When Lux Interior and Poison Ivy invited "Jungle" Jim Chandler to join the Cramps in 2003, they could hardly have asked for a more willing co-conspirator. After all, the Pueblo native totally wore his admiration for the psychobilly band on his sleeve.
"About eight years prior to joining the Cramps, I had gotten tattoos of Poison Ivy on both of my forearms," says Chandler, who started out commuting to Colorado Springs as the drummer in an early version of the Mansfields and is now half of the New York City band Twin Guns. "That's how important they were to me. They were my favorite band, and probably my biggest influence."
Chandler later joined Down and Outs, the Denver punk band that's since evolved into the Omens (who will be opening for Twin Guns at the Zodiac). After relocating to Seattle, he was playing with garage band the Makers when he first hooked up with the Cramps for a European tour promoting their Fiends on Dope Island album. "I was just a fill-in drummer, and then things went really well and they invited me to join the band."
So Chandler moved again, this time to Los Angeles, and took up residence with the singer of another garage band called the Gravedigger Five. Unfortunately, Fiends on Dope Island turned out to be the Cramps' final album. After playing with them for a year, Chandler moved back up the coast to Portland, then back to Pueblo when his mom died, and finally on to New York City, where he's been for the last five years.
It was in New York that Chandler met Andrea Sicco, a like-minded singer/guitarist who'd grown up in Italy and shared Chandler's musical interests: surf music, spaghetti western soundtracks, Spacemen 3, Nick Cave, Johnny Thunders, Echo & the Bunnymen, Jesus & Mary Chain, the Count Five, even Jefferson Airplane.
"He definitely was a black sheep on the Italian scene," says Chandler, "very into American music, and even Americana stuff like Neil Young and Waylon Jennings and Bruce Springsteen. So he was walking around Tuscany wearing a bandana, listening to these bands."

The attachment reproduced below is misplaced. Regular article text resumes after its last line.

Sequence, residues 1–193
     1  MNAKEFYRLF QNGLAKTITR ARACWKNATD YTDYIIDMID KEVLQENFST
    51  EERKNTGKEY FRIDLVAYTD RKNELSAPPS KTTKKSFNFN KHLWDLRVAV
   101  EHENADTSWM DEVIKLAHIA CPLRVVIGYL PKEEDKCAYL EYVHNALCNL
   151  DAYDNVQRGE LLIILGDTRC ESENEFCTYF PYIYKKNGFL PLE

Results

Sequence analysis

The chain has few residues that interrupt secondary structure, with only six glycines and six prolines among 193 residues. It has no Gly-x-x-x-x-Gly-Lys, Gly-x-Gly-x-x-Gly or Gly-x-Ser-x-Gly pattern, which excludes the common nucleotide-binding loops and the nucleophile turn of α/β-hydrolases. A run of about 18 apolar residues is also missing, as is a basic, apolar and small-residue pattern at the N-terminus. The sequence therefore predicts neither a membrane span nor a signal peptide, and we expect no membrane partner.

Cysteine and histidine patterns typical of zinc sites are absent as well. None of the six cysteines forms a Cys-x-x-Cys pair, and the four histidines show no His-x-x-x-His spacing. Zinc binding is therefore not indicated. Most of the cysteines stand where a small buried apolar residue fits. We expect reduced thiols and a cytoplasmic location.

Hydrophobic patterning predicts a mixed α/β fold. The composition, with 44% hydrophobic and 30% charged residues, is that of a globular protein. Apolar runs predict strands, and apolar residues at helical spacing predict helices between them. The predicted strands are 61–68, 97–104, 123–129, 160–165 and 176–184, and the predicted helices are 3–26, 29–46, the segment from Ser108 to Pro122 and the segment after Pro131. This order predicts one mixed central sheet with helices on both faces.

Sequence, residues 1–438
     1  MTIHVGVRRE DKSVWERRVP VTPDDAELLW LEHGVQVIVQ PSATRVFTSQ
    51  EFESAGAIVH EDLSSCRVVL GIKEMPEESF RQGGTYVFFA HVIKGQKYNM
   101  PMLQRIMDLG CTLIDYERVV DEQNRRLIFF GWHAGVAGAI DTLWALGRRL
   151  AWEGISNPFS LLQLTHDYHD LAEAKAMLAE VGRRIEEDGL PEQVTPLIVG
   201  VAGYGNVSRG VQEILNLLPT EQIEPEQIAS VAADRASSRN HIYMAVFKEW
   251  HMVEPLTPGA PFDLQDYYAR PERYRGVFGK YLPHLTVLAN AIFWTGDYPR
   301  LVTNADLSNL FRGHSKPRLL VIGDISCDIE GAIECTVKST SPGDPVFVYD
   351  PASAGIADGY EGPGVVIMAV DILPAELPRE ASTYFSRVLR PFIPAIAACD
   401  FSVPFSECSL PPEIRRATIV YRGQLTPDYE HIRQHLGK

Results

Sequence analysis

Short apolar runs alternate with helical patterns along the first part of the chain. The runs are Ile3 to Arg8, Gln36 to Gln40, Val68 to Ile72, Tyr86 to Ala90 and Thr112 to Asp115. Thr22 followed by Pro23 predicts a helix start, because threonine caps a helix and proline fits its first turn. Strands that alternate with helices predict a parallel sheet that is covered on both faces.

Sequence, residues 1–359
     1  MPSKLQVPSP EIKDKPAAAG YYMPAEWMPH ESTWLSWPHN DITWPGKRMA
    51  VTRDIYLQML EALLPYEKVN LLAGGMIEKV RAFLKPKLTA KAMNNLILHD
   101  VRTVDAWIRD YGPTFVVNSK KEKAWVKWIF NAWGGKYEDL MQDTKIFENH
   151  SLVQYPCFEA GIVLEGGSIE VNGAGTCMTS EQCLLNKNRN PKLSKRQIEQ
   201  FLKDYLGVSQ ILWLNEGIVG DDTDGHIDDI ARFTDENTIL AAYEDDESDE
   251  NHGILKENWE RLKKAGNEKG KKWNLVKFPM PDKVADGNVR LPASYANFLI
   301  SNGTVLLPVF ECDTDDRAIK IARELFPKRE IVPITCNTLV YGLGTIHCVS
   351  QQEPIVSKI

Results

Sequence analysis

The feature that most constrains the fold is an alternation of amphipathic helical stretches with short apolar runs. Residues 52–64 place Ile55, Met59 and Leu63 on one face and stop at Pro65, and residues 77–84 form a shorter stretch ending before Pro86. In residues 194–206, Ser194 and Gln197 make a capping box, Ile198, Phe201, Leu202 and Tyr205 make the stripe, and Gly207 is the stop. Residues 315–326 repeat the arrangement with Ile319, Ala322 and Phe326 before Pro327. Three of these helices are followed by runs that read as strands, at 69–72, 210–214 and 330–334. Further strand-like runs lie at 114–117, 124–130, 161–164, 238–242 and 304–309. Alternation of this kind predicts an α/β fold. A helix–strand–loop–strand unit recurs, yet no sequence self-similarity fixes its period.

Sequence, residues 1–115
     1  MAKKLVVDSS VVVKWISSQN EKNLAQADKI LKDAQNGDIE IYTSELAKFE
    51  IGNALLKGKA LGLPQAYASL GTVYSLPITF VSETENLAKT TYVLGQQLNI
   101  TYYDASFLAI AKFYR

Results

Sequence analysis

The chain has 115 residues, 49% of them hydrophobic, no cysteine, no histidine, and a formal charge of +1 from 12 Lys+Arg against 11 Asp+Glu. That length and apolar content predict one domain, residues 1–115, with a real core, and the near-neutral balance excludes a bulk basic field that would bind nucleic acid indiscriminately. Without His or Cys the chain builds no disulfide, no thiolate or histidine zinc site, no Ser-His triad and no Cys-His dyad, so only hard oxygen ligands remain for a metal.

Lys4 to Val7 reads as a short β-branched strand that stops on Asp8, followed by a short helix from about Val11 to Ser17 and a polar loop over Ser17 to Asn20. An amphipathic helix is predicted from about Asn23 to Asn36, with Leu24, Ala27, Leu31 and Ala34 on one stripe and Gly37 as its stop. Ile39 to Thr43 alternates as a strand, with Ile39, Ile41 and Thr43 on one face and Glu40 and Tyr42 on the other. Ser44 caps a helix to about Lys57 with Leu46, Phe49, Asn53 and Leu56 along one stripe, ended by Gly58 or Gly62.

Of course, Chandler had to keep quiet about those sorts of influences during his time with the Cramps.
"I definitely had to learn to keep my guard up and be careful about what I did and what I said in the band," he recalls, "because they were very threatened by the Internet. They told me a story once that the singer, Lux, was in a record store somewhere and was curious about this hippie band — I think it may have been the Grateful Dead — that his previous tour manager was really into. And someone saw him in the record shop checking out a Grateful Dead album, or whatever it was, and all of a sudden it was all over the Internet.
"That kind of stuff really bothered them. They had a certain mystique, and they really guarded their image well."
Druggy and suicidal
It was in the wake of Lux Interior's 2009 passing that Chandler and Sicco, who were then playing in a band called My Happy Gun, shifted to their current lean-but-loud formation.
"There was this Cramps tribute night that a promoter friend of ours was putting on, and he asked us to play it. We had just gotten rid of our bass player at the time, so we almost turned it down, but we decided to just do it as a two-piece. It was supposed to be a one-off thing, but the response we got from the show was so good that we've just continued on as Twin Guns."
Earlier this summer, the band released its debut album, Scene of the Crime. From the title track's urban swampiness to the psych-rock of "Maybe Tomorrow" and the echo-drenched mood swings of "Druggy and Suicidal," the band's bracing originals take listeners on an entirely engaging journey into the heart of garage-punk darkness. You can also check out their artfully cool video for "End of the Ride," a song that evokes the best qualities of all-too-underrated bands like the Unknowns and Panther Burns.
Scene of the Crime closes with an unlikely cover of "She Cried," which was originally recorded by early '60s star Del Shannon and then given the "Wall of Sound" treatment by the Phil Spector-produced Shangri-Las. The song was also a hit for Jay & the Americans, and later recorded by punk icon Thunders and Patti Palladin.
"The '60s Shangri-Las, that's the version we were most familiar with," says Chandler. "I think it was originally called 'She Cried,' and then the Shangri-Las, when they recorded it, they changed it to 'He Cried.' And then of course when Twin Guns did it, we changed it back to 'She Cried.' Because, you know, we don't want to sing about a guy crying.
"I think we did it pretty true to form, as far as that kind of Phil Spector-esque beat and stuff, but we definitely have a lot more of a reverb band-buzz going on. And it's not quite so, I guess, innocent-sounding."
And while Twin Guns' amps may not go up to 11, the duo definitely knows how to sound larger-than-life. "Andrea plays through two amps at the same time, and since we don't have a bass player, I play pretty floor-tom-heavy beats to provide that bottom. A lot of people can't believe that we're a two-piece because of that wall of sound we have."